Because it has become increasingly difficult to cross borders and in order to stay under the radar of law enforcement authorities, migrant smugglers are developing more and more ways to facilitate moving irregular migrants into or within destination countries in the EU.
Some of the most recent trends in migrant smuggling have now been published in the latest European Monitoring Team Special Edition Report from Europol’s European Migrant Smuggling Centre.
Some of the new trends discovered by law enforcement in Europe are:
- The re-emergence of an alternative route via the Black Sea - mostly from Turkey to Romania
- The use of leisure vessels (mostly sailing yachts) for smuggling migrants from Turkey to Italy
- EU as a transit region for irregular migrants looking to reach the United States and Canada
- The increase of arrivals travelling via the western Mediterranean route to Spain
- Dangerous concealment methods in airtight containers and vans, or in vehicle engine compartments.
These latest trends deserve special attention because of their potentially life-endangering impact on migrants. Law enforcement has noted an increasing number of incidents indicating attempts to conceal migrants in various ways in vehicles through the border crossing points.
The most often encountered method still remains the use of lorries and vans to smuggle migrants. Overcrowding, a lack of air and travelling at high speed to circumvent law enforcement action, are only a few of the dangers associated with smuggling via road.
One of the most recently detected transportation methods is to conceal irregular migrants in engine compartments while crossing the borders. Before approaching the border crossing points the migrants are placed in the engine compartment of the vehicle used for their transportation. The migrants are hidden on top of the vehicle’s engine taking advantage of the space available between the engine and the bonnet. The method is extremely dangerous and the lives of migrants crossing the border in this manner may be at risk.
The irregular migrants travel together with the smuggler for the majority of the journey and are only concealed in this way during the border crossings. One example shows that for this service, migrants had to pay around EUR 7000 for a one-way trip from Turkey to Austria. These developments demonstrate that migrant smuggling remains a highly attractive business among criminals.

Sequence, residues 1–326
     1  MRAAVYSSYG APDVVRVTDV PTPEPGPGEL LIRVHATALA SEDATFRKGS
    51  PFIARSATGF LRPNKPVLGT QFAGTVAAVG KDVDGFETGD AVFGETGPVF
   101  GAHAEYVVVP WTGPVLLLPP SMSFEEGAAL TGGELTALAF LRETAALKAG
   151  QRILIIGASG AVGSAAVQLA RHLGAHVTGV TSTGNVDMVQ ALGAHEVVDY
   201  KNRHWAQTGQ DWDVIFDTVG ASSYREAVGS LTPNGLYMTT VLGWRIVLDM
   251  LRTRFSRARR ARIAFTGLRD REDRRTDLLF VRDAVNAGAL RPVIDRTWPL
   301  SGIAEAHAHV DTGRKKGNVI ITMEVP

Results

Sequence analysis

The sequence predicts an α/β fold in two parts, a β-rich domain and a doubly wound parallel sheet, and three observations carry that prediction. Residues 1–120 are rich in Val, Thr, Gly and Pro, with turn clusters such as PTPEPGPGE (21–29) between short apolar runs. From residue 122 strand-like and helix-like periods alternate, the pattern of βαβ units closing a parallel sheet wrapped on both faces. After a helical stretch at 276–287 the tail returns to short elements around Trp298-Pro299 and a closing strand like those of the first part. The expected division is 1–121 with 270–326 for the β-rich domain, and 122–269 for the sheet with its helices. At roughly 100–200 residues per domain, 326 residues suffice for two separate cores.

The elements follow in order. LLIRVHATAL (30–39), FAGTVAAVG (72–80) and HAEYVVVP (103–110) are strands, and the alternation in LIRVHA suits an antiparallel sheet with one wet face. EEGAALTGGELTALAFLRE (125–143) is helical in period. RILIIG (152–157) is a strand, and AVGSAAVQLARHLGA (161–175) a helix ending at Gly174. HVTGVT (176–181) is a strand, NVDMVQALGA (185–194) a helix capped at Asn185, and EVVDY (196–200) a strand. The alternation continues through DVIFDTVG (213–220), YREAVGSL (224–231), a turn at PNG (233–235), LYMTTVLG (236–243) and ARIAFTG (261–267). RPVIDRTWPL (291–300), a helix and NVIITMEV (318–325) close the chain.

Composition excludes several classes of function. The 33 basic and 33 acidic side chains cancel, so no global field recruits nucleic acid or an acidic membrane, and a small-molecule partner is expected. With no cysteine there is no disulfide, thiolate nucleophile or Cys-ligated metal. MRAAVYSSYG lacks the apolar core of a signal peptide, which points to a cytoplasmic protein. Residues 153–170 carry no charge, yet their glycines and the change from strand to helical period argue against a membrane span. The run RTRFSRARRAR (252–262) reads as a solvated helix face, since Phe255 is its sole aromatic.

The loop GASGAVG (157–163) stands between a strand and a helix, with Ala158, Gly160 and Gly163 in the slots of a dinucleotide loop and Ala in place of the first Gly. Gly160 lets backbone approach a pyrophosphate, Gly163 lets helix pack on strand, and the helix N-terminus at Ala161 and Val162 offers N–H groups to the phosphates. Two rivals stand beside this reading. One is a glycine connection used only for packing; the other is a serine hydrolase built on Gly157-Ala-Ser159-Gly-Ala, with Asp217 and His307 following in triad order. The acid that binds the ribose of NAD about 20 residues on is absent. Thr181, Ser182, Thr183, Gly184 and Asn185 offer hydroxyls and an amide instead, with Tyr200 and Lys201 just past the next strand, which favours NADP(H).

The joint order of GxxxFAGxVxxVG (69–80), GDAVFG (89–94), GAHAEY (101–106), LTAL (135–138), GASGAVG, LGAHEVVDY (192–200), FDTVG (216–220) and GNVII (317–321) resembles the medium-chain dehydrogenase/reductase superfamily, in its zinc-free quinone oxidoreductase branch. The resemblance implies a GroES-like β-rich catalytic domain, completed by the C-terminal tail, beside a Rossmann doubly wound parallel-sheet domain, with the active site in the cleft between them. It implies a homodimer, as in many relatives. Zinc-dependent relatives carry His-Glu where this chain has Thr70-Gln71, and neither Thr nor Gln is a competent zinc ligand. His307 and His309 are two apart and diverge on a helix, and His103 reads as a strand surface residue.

Rob Wainwright, Executive Director of Europol, said: “Migrant smuggling has become a big and dangerous business in Europe. In the face of increased pressure from law enforcement authorities criminal groups are resorting to desperate methods to smuggle victims across border, often with life-threatening consequences. In over 50 high-level investigations of migrant smuggling in which Europol is currently supporting national authorities, we are determined to help combat this callous trade.”
Raising awareness of emerging trends
Europol’s European Migrant Smuggling Centre (EMSC) follows these rapidly developing trends to enhance the level of specialist support and to allow law enforcement across the EU to fight this illegal activity more effectively. Effective action requires international cooperation between the law enforcement partners. For this reason, the EMSC periodically publishes a report called European Monitoring Team Report (EPMT). It started exactly two years ago and has just now produced its 300th edition. The EPMT is a valuable reference document to support law enforcement and authorities in their decision making processes.
This special edition covers a number of statistics and developments in the field of organised smuggling. It also touches upon the main routes and modi operandi currently employed by migrant smugglers, the contribution of EU Member States and partners to the EPMT exercise, the activities and capabilities of Europol, as well as the way forward.
More information on the latest trends can be found in the EPMT infographic.